Can we trust data anymore?

In the world of the internet, data is now a ubiquitous resource. There is a great amount of trust placed in data by many consumers. Often times the word “data” is synonymous with “fact”, however, there is an intermediate step for this conversion. Facts are created by looking at data and extrapolating causality. There is room for error in this extrapolation to fact and problems may occur when these “facts” propagate to the general public. There has recently been a surge of awareness in the faults of these facts created from data, dubbed the infamous “fake news”. Over time, the trust we place in data has changed. We realize now that the general population is not as good as we thought at critically thinking about the information it is presented with.

A visualization of a social network. Licensed under the Creative Commons Attribution-Share Alike 3.0 Unported license. (source)

The revelation I have come to is that it doesn’t matter if data is represented correctly. An observer’s opinion can be swayed by data that is accurately recorded and displayed. This is through certain facts about the data which are not presented to the consumer. For example, the classic “9/10 dentists recommend this toothpaste” statistic. Even if their research is accurate and not tampered with, what if they only surveyed dentists of a particular country? What if the only available import for toothpaste in this country is the advertised company’s toothpaste? The data is still correct, however, there is a tremendous bias in their favour. The consumer lacks the context to fully understand the data that is being presented to them. This context is that a sampling bias is present in the data that was collected. Context for data is extremely important.

Additionally, a consumer that does not have the correct education to properly make sense of certain data can also be inadvertently swayed. This goes for metrics that may appear to indicate the value of a product or service but is simply one of many metrics and is not a true testament to quality or performance. Some examples of these metrics are: video resolution, CPU clock frequency and kill count in Counter-Strike (one of the most popular eSports by viewership). Each of these metrics are misleading. For video, the resolution is only part of the equation. The actual bitrate of the video matters far more than than what resolution it is. A 4k video can still have terrible quality, regardless of its high resolution. In fact, for low bitrates a lower resolution will actually have higher quality!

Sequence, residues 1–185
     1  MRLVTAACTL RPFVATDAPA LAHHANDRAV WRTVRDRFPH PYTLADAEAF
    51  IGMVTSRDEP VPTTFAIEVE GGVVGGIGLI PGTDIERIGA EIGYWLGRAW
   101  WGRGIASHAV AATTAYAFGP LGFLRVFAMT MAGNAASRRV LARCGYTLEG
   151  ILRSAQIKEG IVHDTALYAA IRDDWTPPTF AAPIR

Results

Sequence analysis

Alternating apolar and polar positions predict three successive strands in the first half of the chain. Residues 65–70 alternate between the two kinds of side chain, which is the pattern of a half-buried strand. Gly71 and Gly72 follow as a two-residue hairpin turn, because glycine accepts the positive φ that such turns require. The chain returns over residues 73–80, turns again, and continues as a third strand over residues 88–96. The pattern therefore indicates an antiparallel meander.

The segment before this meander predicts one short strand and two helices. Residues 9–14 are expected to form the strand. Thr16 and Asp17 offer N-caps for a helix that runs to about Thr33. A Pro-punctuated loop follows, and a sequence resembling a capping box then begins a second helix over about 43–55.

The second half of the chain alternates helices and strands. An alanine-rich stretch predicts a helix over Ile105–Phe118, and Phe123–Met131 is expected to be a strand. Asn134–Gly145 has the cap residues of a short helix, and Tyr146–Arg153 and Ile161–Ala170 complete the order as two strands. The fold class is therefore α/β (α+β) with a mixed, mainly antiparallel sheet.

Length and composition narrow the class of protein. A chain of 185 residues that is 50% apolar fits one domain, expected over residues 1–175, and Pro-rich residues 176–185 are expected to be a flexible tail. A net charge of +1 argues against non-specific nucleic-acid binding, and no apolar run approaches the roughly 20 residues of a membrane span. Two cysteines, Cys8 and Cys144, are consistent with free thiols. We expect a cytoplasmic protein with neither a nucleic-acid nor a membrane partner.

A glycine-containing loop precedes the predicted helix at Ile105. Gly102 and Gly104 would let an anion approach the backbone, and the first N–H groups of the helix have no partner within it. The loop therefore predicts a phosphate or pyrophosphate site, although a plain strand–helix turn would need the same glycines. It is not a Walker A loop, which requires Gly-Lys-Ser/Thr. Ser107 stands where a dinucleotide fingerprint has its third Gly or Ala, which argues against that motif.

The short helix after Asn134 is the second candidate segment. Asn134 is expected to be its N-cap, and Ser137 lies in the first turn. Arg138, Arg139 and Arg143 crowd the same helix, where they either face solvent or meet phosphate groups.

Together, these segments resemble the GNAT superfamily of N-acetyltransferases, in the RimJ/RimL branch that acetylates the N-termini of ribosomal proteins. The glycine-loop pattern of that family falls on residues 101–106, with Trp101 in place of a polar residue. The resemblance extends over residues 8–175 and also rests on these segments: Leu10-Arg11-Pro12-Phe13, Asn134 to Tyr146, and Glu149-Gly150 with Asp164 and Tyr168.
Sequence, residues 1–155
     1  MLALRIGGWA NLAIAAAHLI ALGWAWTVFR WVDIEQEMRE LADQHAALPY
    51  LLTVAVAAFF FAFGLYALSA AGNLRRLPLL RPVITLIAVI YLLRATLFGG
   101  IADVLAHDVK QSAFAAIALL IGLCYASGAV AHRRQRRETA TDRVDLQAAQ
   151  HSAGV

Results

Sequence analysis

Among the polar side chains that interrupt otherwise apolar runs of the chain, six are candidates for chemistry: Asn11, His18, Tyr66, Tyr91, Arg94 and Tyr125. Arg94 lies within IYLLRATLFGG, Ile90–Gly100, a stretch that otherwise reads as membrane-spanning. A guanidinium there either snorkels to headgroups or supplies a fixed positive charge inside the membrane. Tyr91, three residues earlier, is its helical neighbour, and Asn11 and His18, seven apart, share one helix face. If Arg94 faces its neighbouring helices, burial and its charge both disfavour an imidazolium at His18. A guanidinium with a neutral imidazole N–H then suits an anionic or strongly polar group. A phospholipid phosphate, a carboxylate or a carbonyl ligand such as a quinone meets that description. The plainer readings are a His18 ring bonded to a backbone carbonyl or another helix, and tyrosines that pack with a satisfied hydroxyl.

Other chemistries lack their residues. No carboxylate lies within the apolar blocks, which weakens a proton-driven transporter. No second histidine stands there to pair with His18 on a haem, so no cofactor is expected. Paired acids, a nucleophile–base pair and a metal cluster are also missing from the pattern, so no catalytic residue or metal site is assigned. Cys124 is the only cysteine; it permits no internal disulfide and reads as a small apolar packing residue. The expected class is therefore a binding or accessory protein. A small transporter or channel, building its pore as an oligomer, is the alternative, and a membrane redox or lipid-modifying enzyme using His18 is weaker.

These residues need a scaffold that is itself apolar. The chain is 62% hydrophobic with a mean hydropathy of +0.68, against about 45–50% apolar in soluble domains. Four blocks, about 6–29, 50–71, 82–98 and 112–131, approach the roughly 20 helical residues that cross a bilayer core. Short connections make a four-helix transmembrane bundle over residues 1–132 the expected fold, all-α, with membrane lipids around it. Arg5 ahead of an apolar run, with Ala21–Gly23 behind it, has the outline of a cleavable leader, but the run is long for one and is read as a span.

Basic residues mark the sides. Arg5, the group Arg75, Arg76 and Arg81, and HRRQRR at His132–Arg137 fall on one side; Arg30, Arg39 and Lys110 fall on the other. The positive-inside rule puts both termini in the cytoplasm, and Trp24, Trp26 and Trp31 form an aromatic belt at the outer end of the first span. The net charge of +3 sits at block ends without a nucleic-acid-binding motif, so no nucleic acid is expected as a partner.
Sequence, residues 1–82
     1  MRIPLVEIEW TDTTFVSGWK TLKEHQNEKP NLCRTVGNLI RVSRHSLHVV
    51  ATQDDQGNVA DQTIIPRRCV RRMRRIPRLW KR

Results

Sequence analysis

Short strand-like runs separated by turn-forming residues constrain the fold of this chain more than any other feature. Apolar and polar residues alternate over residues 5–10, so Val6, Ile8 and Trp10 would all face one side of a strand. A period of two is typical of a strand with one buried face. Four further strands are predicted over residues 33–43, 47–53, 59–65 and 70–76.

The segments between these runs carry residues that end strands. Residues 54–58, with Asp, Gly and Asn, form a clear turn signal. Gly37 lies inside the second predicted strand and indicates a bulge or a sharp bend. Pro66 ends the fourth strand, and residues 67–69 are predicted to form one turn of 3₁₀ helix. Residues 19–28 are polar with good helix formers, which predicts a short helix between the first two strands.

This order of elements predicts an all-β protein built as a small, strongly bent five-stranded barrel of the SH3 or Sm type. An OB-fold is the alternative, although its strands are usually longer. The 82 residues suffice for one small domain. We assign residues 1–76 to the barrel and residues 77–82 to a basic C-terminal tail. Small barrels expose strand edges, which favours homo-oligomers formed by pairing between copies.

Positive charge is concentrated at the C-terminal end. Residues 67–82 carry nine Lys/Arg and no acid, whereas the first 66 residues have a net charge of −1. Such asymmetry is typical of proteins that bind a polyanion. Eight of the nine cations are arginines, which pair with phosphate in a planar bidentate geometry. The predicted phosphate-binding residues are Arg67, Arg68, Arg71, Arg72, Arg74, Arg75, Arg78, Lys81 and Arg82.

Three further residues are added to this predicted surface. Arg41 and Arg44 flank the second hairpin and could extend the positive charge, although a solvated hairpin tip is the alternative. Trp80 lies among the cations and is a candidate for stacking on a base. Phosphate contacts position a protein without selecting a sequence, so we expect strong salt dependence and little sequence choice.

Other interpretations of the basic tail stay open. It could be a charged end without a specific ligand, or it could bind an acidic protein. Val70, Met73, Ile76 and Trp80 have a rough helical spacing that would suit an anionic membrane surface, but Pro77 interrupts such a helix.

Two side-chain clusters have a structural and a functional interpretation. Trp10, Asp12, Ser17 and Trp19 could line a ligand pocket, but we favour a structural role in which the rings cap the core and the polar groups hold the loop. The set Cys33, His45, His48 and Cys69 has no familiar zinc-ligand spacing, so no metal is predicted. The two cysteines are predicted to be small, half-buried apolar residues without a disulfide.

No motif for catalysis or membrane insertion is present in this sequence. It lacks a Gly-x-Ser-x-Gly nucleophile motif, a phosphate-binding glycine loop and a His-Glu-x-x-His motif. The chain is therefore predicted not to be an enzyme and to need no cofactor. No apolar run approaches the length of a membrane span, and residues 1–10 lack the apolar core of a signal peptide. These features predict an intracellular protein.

The curve of bitrate to quality for various resolutions. (source)

For processors, clock frequency is one of many metrics that contribute to the overall performance of the chip. Architecture, core count and cache speed are only some of the many other metrics that determine the true performance of a CPU. Despite this, to someone who just wants a fast laptop, a high clock speed is an easy thing to look at and assume it will bring performance. Finally, kill count in Counter-Strike. In Counter-Strike a common metric for players to latch on to for player performance is the amount of kills a player has. It turns out that ADR (Average Damage per Round) is a much better representation of a player’s impact on their team. This is because a kill could be 1% damage, or 100% damage. All that matters is that the other player has been eliminated for a kill to be registered. For the same amount of kills the 1% player has contributed far less than the 100% player, but your average non-player wouldn’t know that. Although having every person go out and learn about Counter-Strike is not my motive, I would like more people to understand that they may not truly understand the information they are viewing.

Data is only half the problem. The other half is a lack of mathematically rigorous thinking in the average observer. Working in tech and being surrounded by peers that all have similar majors from similar universities has placed me in a bubble of people that think the same way. Considering all the biases and variables at play, or the incentives of who is showing you data is not something everyone does. I am writing this article to say “think twice before you take an opinion”, which is something many people say they do, but few people actually do. Be more critical of yourself. You will find that is when you get smarter.

Maturing students must be educated on common misconceptions and influencing tactics in data beyond the basic “graph with an incorrect scale”. This way, when they begin making their own decisions they can navigate through the chaotic world of fake news. Educating the public on data is of high and immediate priority. During the coronavirus pandemic I have never see so many misunderstandings of statistics at once. The only way to improve the state of fake news and poor statistics is to have a public that is educated in it. At the end of the day, what’s more dangerous than bad data is an uneducated individual that is consuming it.

Software Developer, Curiosity Driven